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RUMBLE SEAT DAN NEIL

Could this be love?

Acura's RDX isn't perfect. But it's fun, attainable and has a lot of personality.

July 05, 2006|DAN NEIL

I suppose Acura's new crossover SUV could be better. It could, for instance, run on recycled Victoria Secret catalogs or the renderings from Star Jones Reynolds' recent weight-loss program. It could fairly reapportion congressional districts every time you turn the key or make sure Steven Seagal never-never-never makes another blues album.

Short of all that -- or having the profile of a Maserati Ghibli -- it would be hard to improve upon the Acura RDX, a perfectly constructed, elegantly engineered and shamelessly underpriced (low- to mid-$30,000s) new offering in what is called, in the artful patois of product planning, the "entry premium SUV" segment.

In fact, so smitten am I by this vehicle that I can only conclude I'm exactly the sort of person it was designed for. According to Acura's psychographic buyer's profile, I'm apparently what you call an "urban achiever." I'm edgy, competitive, and I work hard and play hard. During the weekdays I'm entertaining clients and impressing the boss. Weekends I enjoy an active lifestyle of dating, night life and mountain biking.

Right. Just as soon as I can find my pants.

To put the RDX in a box a bit: It is a five-seat, compact crossover utility vehicle -- more all-weather than all-terrain -- comparable in size to the Toyota RAV4 and the Mazda CX-7. With its plenary array of technological amenities it more than qualifies for the "entry luxury SUV" category, up against the BMW X3, the Lexus RX330 and, soon, the Land Rover LR2.

This burgeoning segment is a kind of dual destination, a genre of vehicle beckoning to people who want to get rid of the luxury trawlers, but don't want to give up their Bluetooth phones, without which their very ontology would be in doubt. The segment also offers a haven for young affluent urbanites whose lifestyle has outgrown their sedans. I, for one, celebrate the fact that when it arrives next month such people will have a more modest option than the gawdamighty Lincoln Navigator.

What I didn't expect in the RDX was that it would be such a screaming hoot to drive. With the casually muscular, taut and tuned feel of a proper sport sedan, the RDX rips corners a new one. The steering is quick (2.76 turns lock to lock) with excellent on-center feel and heavy affirmative feedback while cornering.

Once the suspension is compressed in a turn, the car's behavior is tensed and composed, virtually unflappable over rough pavement. The 4,000-pounder just puts a shoulder down and arcs around. This is the trick, to limit cornering body roll while providing a sufficiently limber suspension to be, well, livable in everyday driving. This trick the RDX does amazingly well.

There is nothing particularly revolutionary about the suspension. It comprises thick-tubed MacPherson struts up front and a multi-link arrangement in the rear, laced together with front and rear stabilizer bars. And yet this thing will corner hard enough to peel an apple.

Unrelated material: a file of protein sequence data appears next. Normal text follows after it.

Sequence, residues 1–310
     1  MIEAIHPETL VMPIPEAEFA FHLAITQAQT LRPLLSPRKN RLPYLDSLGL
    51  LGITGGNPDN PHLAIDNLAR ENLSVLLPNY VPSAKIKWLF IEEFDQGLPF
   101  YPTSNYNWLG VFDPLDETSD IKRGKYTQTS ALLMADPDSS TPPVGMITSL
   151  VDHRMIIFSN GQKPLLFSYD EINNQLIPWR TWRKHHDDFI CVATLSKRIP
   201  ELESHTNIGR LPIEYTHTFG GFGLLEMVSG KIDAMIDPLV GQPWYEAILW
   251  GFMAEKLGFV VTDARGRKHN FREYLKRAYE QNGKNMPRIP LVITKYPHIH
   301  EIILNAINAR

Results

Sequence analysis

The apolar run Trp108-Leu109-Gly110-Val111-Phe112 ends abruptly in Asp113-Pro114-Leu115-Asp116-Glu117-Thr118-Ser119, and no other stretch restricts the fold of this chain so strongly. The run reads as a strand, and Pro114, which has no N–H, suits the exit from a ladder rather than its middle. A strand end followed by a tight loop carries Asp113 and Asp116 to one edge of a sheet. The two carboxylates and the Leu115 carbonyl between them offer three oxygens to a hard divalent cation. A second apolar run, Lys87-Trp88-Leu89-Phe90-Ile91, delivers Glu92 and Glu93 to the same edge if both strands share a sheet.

You can credit the very capable 18-inch tires, or you could give a shout-out to Acura's Super Handling All-Wheel Drive (SH-AWD). A somewhat simpler version of the system deployed in the Acura RL, the SH-AWD will -- if the car's computers sense an under-steering condition -- overdrive the outside rear wheel, helping to steer the car through the turn. According to Acura's engineers, and I have no reason to doubt it, the RDX corners harder than the BMW X3, yet it has none of that car's hard and flinty ride.

There are some subtleties worth noting here. The (power-adjustable and heated) leather sports seats help you feel securely situated in the vehicle, which is a major factor in how confident you feel behind the wheel. Also, the seating position is more rakish than in CUVs that perch the seat well about the hood for a high "eye-point," so it's not like driving from a bar stool. And you have to love Acura's compact and thickly padded steering wheel, studded with integral controls.

Needing a potent power plant but not having the room for a naturally aspirated V6 under the hood, Acura instead uses a turbocharged 2.3-liter inline four cylinder, the first turbo engine in the Acura portfolio. To avoid the unrefined, turbo-boosted feel common to such engines, Acura developed a variable-flow turbocharger that keeps the turbo spinning at all times, so the transition to full throttle is seamless.

The motor puts out 240 horsepower and 6,000 rpm, and 260 pound-feet of torque at 4,500 rpm. If there's a weakness here it is that the torque is still a little soft just off throttle -- and the exhaust note, to be sure, could have more cojones. But the thrust picks up quickly as the rpms build. Banging through the standard five-speed automatic, the engine is plenty stout enough to put the RDX across the 60-mph line in about 7.5 seconds.

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